Protect Your Wireless Network

March 3, 2005 — 2 Comments

With the falling costs of high-speed internet connections and wireless routers, there are a lot of people who are setting up wireless networks, both at their home and office. This has brought both a lot of convenience and security threats.

Believe it or not, it’s really easy to get into a wireless network. The basic wireless network connection program that is in WindowsXP will find most wireless networks. More advanced programs like NetStumbler find networks even faster.

Someone having access to your wireless network in and of iteself isn’t a terrible thing, but there are a number of malicious things that people can do once on your network. Even if all of your other computers are off, someone could still use your internet connection to anonymously do something illegal. Of more immediate concern is the potential that people could have access to your personal files, such as financial records.

So what can you do to protect your wirelss? Change the default settings! To do this, you simply log into your wireless router and change a couple of things. The process to do this varies by brand, but it will be something like this. Open your internet browser and type in 192.168.1.1. You don’t need a user name and the password is typically admin.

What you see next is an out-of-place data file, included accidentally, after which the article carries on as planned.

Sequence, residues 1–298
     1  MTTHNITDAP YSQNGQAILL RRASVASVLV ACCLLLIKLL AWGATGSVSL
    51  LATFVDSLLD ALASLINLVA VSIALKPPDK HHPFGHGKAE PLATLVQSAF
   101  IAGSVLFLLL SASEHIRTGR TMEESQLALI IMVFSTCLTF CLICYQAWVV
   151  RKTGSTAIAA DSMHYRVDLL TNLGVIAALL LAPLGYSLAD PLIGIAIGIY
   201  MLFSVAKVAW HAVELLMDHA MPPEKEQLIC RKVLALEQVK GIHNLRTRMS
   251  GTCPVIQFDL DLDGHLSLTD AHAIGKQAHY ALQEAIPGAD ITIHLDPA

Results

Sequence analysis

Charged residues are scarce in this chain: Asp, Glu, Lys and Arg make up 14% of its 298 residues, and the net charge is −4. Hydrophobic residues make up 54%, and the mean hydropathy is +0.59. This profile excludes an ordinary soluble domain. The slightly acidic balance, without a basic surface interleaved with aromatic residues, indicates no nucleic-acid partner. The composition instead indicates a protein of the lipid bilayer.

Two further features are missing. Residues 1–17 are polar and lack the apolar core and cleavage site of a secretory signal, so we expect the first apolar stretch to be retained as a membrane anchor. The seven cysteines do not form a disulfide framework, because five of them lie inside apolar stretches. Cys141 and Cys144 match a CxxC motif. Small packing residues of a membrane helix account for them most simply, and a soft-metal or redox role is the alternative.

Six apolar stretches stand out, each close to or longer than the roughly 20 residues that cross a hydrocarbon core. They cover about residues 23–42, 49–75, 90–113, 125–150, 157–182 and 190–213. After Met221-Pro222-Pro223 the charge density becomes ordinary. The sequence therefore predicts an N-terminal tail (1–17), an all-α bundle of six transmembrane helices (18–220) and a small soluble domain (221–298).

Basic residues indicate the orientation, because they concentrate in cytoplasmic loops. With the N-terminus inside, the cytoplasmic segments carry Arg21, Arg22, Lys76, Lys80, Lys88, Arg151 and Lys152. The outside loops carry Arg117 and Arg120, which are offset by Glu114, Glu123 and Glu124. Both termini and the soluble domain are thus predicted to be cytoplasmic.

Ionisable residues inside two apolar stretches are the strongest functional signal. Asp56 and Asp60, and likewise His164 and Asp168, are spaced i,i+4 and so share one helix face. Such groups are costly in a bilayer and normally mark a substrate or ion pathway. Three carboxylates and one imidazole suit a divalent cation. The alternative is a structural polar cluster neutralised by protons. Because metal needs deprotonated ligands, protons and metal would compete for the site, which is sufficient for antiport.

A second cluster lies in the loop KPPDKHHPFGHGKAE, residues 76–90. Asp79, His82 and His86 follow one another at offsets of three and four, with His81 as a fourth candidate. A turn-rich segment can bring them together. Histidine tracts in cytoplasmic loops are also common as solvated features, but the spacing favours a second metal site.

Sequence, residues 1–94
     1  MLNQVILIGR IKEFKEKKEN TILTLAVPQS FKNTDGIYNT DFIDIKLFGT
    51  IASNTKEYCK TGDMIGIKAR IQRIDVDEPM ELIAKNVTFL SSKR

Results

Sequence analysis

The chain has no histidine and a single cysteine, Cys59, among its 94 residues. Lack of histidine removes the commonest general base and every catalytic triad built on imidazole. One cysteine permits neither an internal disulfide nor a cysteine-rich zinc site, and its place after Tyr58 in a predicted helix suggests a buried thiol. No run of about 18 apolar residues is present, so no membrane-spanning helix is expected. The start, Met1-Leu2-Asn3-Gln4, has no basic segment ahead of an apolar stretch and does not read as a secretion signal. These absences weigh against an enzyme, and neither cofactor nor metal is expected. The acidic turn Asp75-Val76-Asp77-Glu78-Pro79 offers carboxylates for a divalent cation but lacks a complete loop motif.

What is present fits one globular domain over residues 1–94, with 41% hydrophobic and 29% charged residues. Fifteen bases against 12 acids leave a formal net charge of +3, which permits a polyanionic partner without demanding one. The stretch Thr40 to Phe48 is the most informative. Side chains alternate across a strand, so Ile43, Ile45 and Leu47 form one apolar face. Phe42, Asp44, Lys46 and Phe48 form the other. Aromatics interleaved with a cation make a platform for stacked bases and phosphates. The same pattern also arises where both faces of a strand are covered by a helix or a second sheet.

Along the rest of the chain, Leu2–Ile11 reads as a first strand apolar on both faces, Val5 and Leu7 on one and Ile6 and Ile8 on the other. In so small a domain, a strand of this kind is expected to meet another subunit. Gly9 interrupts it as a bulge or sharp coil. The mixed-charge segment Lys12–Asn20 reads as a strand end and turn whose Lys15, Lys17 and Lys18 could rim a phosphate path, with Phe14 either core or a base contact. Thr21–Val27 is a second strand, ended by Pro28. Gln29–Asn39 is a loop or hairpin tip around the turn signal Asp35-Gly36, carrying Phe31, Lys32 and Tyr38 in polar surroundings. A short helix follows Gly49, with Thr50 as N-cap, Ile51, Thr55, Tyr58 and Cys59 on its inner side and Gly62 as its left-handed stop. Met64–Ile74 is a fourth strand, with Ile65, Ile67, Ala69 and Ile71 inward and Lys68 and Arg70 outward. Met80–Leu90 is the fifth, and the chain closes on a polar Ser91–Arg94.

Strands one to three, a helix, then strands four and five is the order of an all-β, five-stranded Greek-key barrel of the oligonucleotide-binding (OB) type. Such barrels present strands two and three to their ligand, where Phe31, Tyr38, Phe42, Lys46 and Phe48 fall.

Once in, the first thing you should do is change the password. This will keep people from being able to change settings and blocking you from accessing your own network. I don’t think most people do this. I’ve driven around just to see how many wireless networks I could find. When I’ve done this, about 40-50% of the network I find I can get on. On top of that, if I wanted to I could have messed up people’s connection.

Ok, after you’ve canged the password you can do a couple other things to protect your network. First, add WEP protection. WEP is a password based encryption for your network. You will need to enter the same WEP key on any computer you use to access the wireless network.  Next, change the SSID (service set identifier). You can call your network anything you want. Lastly, turn off SSID broadcast.

These few steps will make your wireless network more secure. There are still ways that people can break through these basic settings, but not many people can do that. You’ll be protected from most everyone except the really good hackers.

Kevin

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2 responses to Protect Your Wireless Network

  1. You need to come see our aquariums. I like your photos. What happens if I go to “add me to your typepad people”? Mom

  2. Hey, write me about that cell phone site, some friends want to use it.

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